A letter from a New Jersey Superintendent started making the rounds on Friday. The letter included the following:
- An alert by the state department of education, late at night, that there had been a “test security” breach.
- An inaccurate allegation by the state official that a picture of a test question had been posted on Twitter by the student.
- A request that that the student be disciplined (suspended).
- This involved input from the test publisher, Pearson.
The tweet apparently did not include a picture, and was after the day’s testing ended. It started on Bob Braun’s Ledger website, which has been crashing since, either due to large amounts of traffic, or a DNS attack, depending on who you read. Either scenario says something about how explosive this issue is.
Lesson for #Pearsoniswatching people who eavesdrop seldom hear good said of them.
— Alice Mercer (@alicemercer) March 14, 2015
In my humble opinion, this is not spying by Pearson, because when this student put it up in social media it’s public. But there is something more disturbing about this because at the heart, it’s a free speech issue and the clash with intellectual property. These tests involve a lot of money. A lot of money to hire psychometricians to write the questions. A lot of money to test publishers from the states and localities to pay for the tests, etc. These questions are precious intellectual property for the publishers. They lose value the more “public” they become, so they loathe sharing on social media. They talk about “cheating” really, they worry about questions becoming dead because they’ve been all over the Internets and then can’t be used any more. Audrey Watters and Cynthia Liu have made this point too, I’m going to guess we all had this brilliant insight at once. but here are some specific points they’ve made that I find compelling:
A very good question. Cynthia has a post focusing on the first amendment issue, but this comment I got from her on Facebook points out the ridiculousness of holding kids non-disclosure on the tests 24-7
Ridiculous. Pearson gives tests all around the world all hours of the day every day — does this mean global silence on social media about their tests? They live in a 24-7 world media environment and so if they can’t deal, too bad. Their problem, not ours. – Cynthia Liu, Parent and Founder of K12NN
Let me add in that as a test proctor, I have to sign a pretty extensive non-disclosure agreement each year I give the test. You can see what “problems” have occurred with testing through the years by looking at what I’m supposed to NOT do. If I post about a question on Twitter, Pearson would have me dead to legal rights. But students (and their parents) don’t sign an agreement like this. They are instructed not to text, or pass notes during the test, which is regarded as cheating, but every instance I’ve heard of this occurring has just been about well, texting friends and passing notes about social matters, because really there has been little reason for them to cheat. So let’s review, something that was said about a question on the PARCC test in social media by one high school student. This was labelled a “security” breach even though it was after the testing day was over. What’s going on?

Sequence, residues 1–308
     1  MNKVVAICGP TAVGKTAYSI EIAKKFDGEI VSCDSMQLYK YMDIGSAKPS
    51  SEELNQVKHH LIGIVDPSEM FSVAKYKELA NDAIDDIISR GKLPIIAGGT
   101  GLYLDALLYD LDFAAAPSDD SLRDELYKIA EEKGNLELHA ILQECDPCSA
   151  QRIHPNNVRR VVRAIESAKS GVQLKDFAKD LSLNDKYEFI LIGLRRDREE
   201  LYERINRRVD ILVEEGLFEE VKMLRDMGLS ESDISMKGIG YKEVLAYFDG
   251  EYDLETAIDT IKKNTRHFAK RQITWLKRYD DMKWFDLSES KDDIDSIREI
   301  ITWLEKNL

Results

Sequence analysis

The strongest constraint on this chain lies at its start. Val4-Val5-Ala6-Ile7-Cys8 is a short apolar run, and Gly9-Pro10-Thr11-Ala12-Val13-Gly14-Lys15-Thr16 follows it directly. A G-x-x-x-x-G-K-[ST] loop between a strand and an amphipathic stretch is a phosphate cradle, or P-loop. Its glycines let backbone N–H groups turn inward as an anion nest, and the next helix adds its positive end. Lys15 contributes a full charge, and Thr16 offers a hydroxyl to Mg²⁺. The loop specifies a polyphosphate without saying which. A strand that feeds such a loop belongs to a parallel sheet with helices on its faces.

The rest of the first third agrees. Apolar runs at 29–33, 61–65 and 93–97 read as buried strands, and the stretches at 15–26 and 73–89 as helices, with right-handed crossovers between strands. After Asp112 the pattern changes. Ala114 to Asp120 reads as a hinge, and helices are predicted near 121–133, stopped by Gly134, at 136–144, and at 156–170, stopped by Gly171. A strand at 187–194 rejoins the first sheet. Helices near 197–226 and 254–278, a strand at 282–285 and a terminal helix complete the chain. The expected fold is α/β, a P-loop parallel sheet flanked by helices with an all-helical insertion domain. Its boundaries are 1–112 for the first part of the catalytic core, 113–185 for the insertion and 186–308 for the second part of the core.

- Pearson may fear that other students who have not yet taken that portion of the PARCC test will see that and it will be able to “cheat”.
- The state of New Jersey and Pearson may have no idea what they are doing, and just panicked.
- Pearson may fear that it will get more than the limited audience of this one student’s twitter feed, making it unusable.
- Pearson fears that if the question was whack enough for a 16 year old to post about it may go viral and not just be unusable, but embarrassing.
I’m going to now explore those last two scenarios. I have a history with Pearson that makes me not trust them. You can read about it here, but basically, they showed up to an un-conference and started filming folks and passing out video release forms later. They assured all it was for the good of education, but were vague about what exactly our likeness and ideas, were going to be used for. They were jerks, and seemed to have a really open idea about our intellectual property rights, while still being vague about what they were going to do with theirs.
This alone would not be damning, but let’s go into the wayback machine and take a look at what happened the last time social media went viral about a test question from Pearson…I bring you “Pineapple-gate“. For those of you who missed it, this was a test question in the pre-PARCC test that Pearson designed for New York. Designed is perhaps generous, since they clearly recycled questions from their bank of items, including the one in question here (I say this to give context about the nature of these questions as property, not just to snark). The question involved a re-write of a Daniel Pinkwater story that was so bad the author thought it (and the question) were ridiculous. It made it to social media, the New York media, and then went round the world again via social media. It led to questions that had to be answered by the state department of education, and chancellor, and was just one big hot mess. I’ve got to wonder if all this monitoring is an attempt to prevent something like this from breaking out again, and THAT would be troubling, because I can’t talk about the questions (it’s not even clear if I can read them to myself during the test), Pearson certainly isn’t, so the only folks who can share about a “bad” question, are the kids. Ponder that.
@audreywatters We rent these test questions, under highly unfavorable terms from the test vendor.
— Alice Mercer (@alicemercer) March 14, 2015